OKRs are a powerful tool for setting and measuring goals, but like all power tools, they can become dangerous in unskilled hands. When used in informed ways, they can improve focus and lift outcomes, but when mishandled, they can increase waste and inflict real damage upon the organizations that adopt them.
The basic idea behind OKRs is simple: it’s a good idea to identify goals that you want to achieve and the measures that will indicate whether you’ve achieved those goals. No one would argue that this is a bad thing, at least if the goals are focused on conditions that the organization would like to achieve. Where OKRs can go “bad” is when they focus on merely producing things, and things can get really “ugly” when they focus on merely doing things.
Expressing Objectives in terms of Outcomes produces better results
Scrum.org has developed an improvement framework, Evidence-Based Management, that nicely complements OKRs. In it, we identify three types of measures:
- Outcomes: changes in the satisfaction or experience of some stakeholder, such as customers or users of a product, but also employees and investors.
- Outputs: things that the organization produces, such as products or services, but also things like reports and presentations.
- Activities: things that people in the organization do, such as developing products or services, but also things like attending meetings and developing plans.
Achieving outcomes is always the real goal of producing outputs or performing activities; the outputs and activities may be a means to an end, but they are never the end themselves. Expressing objectives in terms of outputs is bad because it can lead to micromanaging people to produce something that doesn’t help the organization move closer to the objective. Expressing objectives in terms of activities is even worse: it literally micromanages people by telling them what to do.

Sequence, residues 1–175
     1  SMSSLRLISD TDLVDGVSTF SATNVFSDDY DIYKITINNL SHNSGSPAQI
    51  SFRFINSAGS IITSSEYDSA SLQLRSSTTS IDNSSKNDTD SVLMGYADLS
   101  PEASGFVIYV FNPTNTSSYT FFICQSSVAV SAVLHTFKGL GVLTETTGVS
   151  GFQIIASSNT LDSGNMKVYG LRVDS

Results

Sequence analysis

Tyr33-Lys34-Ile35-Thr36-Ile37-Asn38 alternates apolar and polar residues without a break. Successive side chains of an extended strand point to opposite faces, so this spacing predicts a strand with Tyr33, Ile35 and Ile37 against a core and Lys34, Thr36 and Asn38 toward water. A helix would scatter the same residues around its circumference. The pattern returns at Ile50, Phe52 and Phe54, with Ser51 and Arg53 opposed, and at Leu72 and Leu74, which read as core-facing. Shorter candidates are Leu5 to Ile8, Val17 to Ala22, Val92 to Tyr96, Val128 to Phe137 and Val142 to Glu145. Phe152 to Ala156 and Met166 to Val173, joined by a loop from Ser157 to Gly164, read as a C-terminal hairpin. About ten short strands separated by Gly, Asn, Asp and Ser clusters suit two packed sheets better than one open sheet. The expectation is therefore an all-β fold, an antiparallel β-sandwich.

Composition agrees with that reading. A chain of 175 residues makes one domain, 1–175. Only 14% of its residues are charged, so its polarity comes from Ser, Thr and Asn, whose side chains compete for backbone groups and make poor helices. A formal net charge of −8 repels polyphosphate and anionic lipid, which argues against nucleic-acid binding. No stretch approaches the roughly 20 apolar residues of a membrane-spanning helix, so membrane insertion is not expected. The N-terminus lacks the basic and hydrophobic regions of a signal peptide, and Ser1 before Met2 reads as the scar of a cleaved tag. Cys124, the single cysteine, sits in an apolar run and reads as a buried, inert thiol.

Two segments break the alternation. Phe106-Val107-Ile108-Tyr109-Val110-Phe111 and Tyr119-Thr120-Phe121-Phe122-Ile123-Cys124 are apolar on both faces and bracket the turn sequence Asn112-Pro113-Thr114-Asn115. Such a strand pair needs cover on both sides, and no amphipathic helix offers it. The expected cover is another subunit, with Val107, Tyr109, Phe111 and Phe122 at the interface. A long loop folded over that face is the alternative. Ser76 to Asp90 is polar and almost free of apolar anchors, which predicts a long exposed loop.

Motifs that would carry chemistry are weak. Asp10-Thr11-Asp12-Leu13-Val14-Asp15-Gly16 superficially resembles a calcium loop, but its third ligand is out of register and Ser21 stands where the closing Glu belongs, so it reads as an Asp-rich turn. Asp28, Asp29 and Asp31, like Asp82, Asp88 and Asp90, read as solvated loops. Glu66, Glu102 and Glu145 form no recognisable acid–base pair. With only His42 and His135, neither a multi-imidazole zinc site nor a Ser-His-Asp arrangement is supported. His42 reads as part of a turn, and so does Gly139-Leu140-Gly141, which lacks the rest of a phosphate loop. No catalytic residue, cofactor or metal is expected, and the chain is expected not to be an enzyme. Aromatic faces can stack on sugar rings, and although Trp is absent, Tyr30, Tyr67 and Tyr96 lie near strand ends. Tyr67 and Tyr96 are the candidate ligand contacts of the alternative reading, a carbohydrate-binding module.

Bottom-up intelligence leads to better outcomes
Micromanaging people is counterproductive and demoralizing. It presumes that people lack the competence to make decisions about the best way to achieve a goal. In nearly all cases, the people closest to the work are better able to make decisions about how to achieve a goal because they have the most information about available alternatives; this is known as bottom-up intelligence. When organizations free their people to contribute using all of their knowledge, experience, and passion, they achieve better results.
Ask “Why?” to uncover the real objective
Objectives expressed in terms of outputs or activities can be improved by using a technique similar to the 5 Whys approach: When presented with an objective, ask “Why is that important?” If the answer is “because it will lead to something else”, or some variant thereof, then the thing it will lead to is the real objective. You may have to apply this more than once to get to the real goal.
Consider the following example:
The weak objective dictates an activity, creating and making available virtual training. The real objective is on the right: students don’t really care whether they obtain training virtually or in person, but they would like to be able to learn whenever they need to, regardless of where they are located or the course schedule.